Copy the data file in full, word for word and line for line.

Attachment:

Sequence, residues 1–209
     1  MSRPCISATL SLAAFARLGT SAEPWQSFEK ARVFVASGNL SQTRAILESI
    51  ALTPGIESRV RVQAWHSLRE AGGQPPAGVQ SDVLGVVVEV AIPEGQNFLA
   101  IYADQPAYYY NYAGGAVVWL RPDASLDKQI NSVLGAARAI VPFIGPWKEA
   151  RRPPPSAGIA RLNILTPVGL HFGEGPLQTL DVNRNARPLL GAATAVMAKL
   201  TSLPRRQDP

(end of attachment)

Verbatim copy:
Sequence, residues 1–209
     1  MSRPCISATL SLAAFARLGT SAEPWQSFEK ARVFVASGNL SQTRAILESI
    51  ALTPGIESRV RVQAWHSLRE AGGQPPAGVQ SDVLGVVVEV AIPEGQNFLA
   101  IYADQPAYYY NYAGGAVVWL RPDASLDKQI NSVLGAARAI VPFIGPWKEA
   151  RRPPPSAGIA RLNILTPVGL HFGEGPLQTL DVNRNARPLL GAATAVMAKL
   201  TSLPRRQDP